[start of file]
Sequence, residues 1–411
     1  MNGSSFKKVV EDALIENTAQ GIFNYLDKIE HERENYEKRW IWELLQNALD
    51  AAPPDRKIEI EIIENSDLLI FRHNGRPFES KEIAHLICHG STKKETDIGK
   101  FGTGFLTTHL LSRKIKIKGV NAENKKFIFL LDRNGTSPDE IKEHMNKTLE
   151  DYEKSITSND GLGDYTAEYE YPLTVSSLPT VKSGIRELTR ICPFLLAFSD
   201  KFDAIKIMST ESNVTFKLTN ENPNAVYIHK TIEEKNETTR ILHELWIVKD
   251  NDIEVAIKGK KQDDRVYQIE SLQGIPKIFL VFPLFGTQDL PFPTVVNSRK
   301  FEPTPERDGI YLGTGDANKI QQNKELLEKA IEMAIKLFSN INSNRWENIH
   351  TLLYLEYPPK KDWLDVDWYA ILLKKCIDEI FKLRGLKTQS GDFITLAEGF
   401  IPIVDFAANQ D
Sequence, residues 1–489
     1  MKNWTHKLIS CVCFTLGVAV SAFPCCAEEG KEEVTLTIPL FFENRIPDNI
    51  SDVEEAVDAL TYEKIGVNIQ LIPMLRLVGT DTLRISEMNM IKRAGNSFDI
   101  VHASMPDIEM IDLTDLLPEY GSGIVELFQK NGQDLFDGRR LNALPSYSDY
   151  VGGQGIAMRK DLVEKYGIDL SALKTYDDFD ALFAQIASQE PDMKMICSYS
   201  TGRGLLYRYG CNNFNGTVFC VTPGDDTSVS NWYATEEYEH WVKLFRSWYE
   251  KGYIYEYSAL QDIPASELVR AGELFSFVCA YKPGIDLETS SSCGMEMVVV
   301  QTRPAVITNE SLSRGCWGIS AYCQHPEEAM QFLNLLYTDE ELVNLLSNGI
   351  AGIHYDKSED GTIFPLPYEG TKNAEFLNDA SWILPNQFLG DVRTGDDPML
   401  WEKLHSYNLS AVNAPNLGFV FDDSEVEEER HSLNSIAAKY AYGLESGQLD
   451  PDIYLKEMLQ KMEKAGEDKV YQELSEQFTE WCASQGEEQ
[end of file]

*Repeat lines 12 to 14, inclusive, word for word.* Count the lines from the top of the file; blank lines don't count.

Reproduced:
     1  MKNWTHKLIS CVCFTLGVAV SAFPCCAEEG KEEVTLTIPL FFENRIPDNI
    51  SDVEEAVDAL TYEKIGVNIQ LIPMLRLVGT DTLRISEMNM IKRAGNSFDI
   101  VHASMPDIEM IDLTDLLPEY GSGIVELFQK NGQDLFDGRR LNALPSYSDY